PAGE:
PAKISTAN’S polity is fractured. Politicians are not willing to unlock horns; the economy is slipping down a steep slope; and terrorist forces are resurging. Some analysts view this situation as essentially a political crisis which will resolve by itself.
Others, less optimistic, find Pakistan in the midst of a ‘polycrisis’, with political unrest, an economic downturn and security threats pushing Pakistan towards chaos. Then there are the realists, who are concerned that Pakistan’s present civil strife might morph into a civil war.
A recent editorial in this paper also rang the alarm bell: “…the nation seems to be flirting dangerously with civil war. It is tearing itself apart under the weight of its own contradictions.”
Where exactly is Pakistan headed, and is there light at the end of the tunnel? The country is in the throes of a growing civil strife with its public places becoming a venue for regular protests, confrontation and rioting.
Social unrest is unleashing civil disorder, disobedience and disruptive strikes. If this continues unchecked, the country could well descend into a catastrophic civil war.
It would be folly to think that whatever has happened in Syria, Libya, Yemen, Afghanistan, Sudan or Rwanda cannot happen here. Each case is different, but the common thread is an acute culture of intolerance, nurtured over time, eventually breaking down the political and social fabric.
The other feature common to these countries is the sustained political instability, with neither the ruling regime nor the opposition willing to accept a compromise. With no spirit of ‘live and let live’, the resultant chaos has been exacerbated by external forces.
The political fallout has always been borne by the people.
Take Sudan, whose 46 million people have suffered for decades from political instability and military interventions. Recently, the country witnessed a fratricidal power struggle between the military leadership of the regular army and a paramilitary force. As the situation spiralled towards chaos, hidden foreign hands exacerbated the civil war. The ultimate losers were the people of Sudan.
The civil unrest in Syria, which started in March 2011, when the Assad regime ruthlessly suppressed protesters, quickly descended into civil war and an armed conflict that involved a complex web of domestic and foreign elements. Hundreds of thousands of Syrians were killed and millions displaced.
Twelve years down the line, President Bashar al-Assad has regained control of much of Syria, but the once beautiful country has been destroyed. The most telling story is that of the Rwandan civil war, in which the Hutus and Tutsis failed to find peaceful coexistence. It ended in a genocide that left 800,000 people dead in 100 days in 1994.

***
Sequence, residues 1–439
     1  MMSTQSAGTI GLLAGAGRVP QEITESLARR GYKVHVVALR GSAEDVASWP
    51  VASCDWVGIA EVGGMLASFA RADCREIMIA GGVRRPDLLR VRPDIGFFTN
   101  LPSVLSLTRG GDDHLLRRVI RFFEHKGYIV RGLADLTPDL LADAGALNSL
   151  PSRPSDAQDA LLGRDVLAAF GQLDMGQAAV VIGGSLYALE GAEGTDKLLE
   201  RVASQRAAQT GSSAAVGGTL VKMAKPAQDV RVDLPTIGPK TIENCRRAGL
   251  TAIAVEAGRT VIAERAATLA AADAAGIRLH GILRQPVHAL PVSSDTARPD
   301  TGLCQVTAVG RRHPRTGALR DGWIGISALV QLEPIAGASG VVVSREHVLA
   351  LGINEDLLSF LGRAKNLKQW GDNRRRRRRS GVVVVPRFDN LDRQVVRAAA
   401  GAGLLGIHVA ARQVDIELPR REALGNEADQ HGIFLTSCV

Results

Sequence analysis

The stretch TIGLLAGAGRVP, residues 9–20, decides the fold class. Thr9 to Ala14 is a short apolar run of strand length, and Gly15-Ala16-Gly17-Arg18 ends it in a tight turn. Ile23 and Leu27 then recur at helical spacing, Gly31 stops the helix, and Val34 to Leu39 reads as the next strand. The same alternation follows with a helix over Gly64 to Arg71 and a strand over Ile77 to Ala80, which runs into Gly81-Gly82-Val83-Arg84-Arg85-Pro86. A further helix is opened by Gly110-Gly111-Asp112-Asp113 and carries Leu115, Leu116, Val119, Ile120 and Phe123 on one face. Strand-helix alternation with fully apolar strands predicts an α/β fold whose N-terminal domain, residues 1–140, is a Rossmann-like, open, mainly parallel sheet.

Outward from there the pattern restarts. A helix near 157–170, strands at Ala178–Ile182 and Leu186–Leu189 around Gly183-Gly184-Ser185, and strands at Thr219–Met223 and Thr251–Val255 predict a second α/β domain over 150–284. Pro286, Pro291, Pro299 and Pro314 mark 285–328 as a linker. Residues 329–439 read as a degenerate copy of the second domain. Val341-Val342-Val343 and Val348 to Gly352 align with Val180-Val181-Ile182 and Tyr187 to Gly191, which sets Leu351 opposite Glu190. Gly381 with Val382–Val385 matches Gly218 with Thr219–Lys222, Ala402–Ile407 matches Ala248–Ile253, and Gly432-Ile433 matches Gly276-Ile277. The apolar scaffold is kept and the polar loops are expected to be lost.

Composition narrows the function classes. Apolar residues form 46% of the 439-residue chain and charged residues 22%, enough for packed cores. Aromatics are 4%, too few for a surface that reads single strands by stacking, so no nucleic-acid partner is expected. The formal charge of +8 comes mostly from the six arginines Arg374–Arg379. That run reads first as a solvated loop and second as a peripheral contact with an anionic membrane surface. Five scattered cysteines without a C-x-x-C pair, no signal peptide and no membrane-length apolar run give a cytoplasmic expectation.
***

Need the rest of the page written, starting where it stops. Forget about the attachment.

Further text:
We must not forget that every time our country has gone through a political and constitutional crisis, the consequences have been borne by the people. In 1971, the political leaders of the time failed to respect the results of a democratic election while military ruler Yahya Khan engaged in a reckless military operation.
The result was the inglorious, bloodyseparation of Pakistan’s eastern wing. Can our political and military leadership learn a lesson from that painful chapter of our history?
Can the leading lights of our political leadership muster enough courage and will to sit at the table and resolve their issues? If they don’t, the situation might spin out of control the way it did in the aforementioned examples, with everyone losing and no one winning.
The government led by Prime Minister Shehbaz Sharif wants the National Assembly to complete its five-year term, while former prime minister Imran Khan wants immediate elections. A compromise on a date for elections should not be this difficult, as May and October are only a few months apart.
The political leadership should also agree on a new social compact and rules of conduct, giving significance to the following: the military establishment has announced its intent to remain apolitical, and it must not be dragged into politics; the decisions of the Supreme Court should be respected by all; the Election Commission must not be made controversial; and social media must not be used with impunity to malign every state institution.
In this charged environment, the advice rendered by the Dawn editorial and echoed by many other independent analysts makes perfect sense: free and fair elections conducted to the satisfaction of all major parties.
The political leadership must agree on a compromise date for elections. There is no shame in reaching a compromise or conceding ground for the larger good. A compromise may not please every party, but it certainly will elicit a sigh of relief from the people of Pakistan who are losing faith and confidence in this system of governance.
The writer is a former foreign secretary and author of Diplomatic Footprints.
Published in Dawn, May 20th, 2023
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